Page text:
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Monster of God : The Man-Eating Predator in the Jungles of History and the Mind
"Rich detail and vivid anecdotes of adventure....A treasure trove of exotic fact and hard thinking."--The New York Times Book Review, front page
For millennia, lions, tigers, and their man-eating kin have kept our dark, scary forests dark and scary, and their predatory majesty has been the stuff of folklore. But by the year 2150 big predators may only exist on the other side of glass barriers and chain-link fences. Their gradual disappearance is changing the very nature of our existence. We no longer occupy an intermediate position on the food chain; instead we survey it invulnerably from above--so far above that we are in danger of forgetting that we even belong to an ecosystem.
Casting his expert eye over the rapidly diminishing areas of wilderness where predators still reign, the award-winning author of The Song of the Dodo examines the fate of lions in India's Gir forest, of saltwater crocodiles in northern Australia, of brown bears in the mountains of Romania, and of Siberian tigers in the Russian Far East. In the poignant and troublesome ferocity of these embattled creatures, we recognize something primeval deep within us, something in danger of vanishing forever.
With equal parts lucid travel narrative and scholarly rumination, Quammen (The Song of the Dodo) describes the fascinating past, tenuous present and bleak future of four supremely adapted predators who are finding themselves increasingly out of place in the modern world. The animals-Indian lions, Australian crocodiles, Russian brown bears and Siberian tigers-share more in common than alpha roles in their respective environments and dwindling prospects for maintaining them; they are, as the book pointedly notes, man-eaters, animals that can and do feed on human flesh. Quammen admits that the term may seem antiquated, but, he writes, "there's just no precise and gender-neutral alternative that says the same thing with the same degree of terse, atavistic punch." He looks at the animals both up close and from an intellectual distance, examining them in their threatened enclaves in the wild and pondering what these killers have meant to us in our religion and art from the pages of the Bible and Beowulf to Norse sagas and African poetry. His writing is sharp and vital, whether depicting his guide's chance childhood encounter with a lion cub or the heat of a rollicking crocodile hunt in a soupy river. Equally resonant are his arguments for why these particular animals excite such fear and fascination in us, and how we will suffer in terms practical and profound if they are eliminated completely from their habitats and confined to zoos and human memory. The crisp reportorial immediacy and sobering analysis make for a book that is as powerful and frightening as the animals it chronicles.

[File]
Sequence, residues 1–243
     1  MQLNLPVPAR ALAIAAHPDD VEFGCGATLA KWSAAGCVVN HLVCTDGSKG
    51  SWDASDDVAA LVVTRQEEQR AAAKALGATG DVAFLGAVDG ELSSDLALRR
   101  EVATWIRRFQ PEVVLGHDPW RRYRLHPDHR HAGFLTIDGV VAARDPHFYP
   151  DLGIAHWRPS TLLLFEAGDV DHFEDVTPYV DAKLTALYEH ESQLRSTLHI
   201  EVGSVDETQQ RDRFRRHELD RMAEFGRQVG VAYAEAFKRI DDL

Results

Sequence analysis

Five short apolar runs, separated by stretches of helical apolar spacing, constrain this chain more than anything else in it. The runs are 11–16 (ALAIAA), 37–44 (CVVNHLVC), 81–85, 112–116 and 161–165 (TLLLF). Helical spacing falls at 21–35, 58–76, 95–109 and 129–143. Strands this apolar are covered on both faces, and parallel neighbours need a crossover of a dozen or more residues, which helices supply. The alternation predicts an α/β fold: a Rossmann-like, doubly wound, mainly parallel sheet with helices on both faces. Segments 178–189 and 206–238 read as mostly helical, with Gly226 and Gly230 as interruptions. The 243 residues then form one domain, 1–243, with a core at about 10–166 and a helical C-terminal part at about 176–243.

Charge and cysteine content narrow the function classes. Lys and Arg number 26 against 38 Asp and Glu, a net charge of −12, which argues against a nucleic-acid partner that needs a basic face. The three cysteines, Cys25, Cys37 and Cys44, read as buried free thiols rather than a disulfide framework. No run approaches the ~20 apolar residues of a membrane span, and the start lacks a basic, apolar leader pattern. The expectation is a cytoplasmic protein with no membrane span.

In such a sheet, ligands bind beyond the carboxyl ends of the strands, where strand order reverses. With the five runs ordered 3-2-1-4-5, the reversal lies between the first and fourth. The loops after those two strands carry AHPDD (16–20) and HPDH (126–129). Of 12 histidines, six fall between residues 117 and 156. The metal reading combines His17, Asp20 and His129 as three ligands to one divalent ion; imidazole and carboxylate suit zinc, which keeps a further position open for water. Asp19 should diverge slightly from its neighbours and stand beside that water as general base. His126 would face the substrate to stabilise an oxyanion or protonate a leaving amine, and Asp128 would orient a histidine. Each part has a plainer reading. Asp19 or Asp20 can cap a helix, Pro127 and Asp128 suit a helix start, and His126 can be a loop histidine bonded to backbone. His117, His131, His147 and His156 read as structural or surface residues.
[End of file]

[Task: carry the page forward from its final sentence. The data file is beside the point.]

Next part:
Copyright 2003 Reed Business Information, Inc.
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W. W. Norton & Company
September 15, 2004
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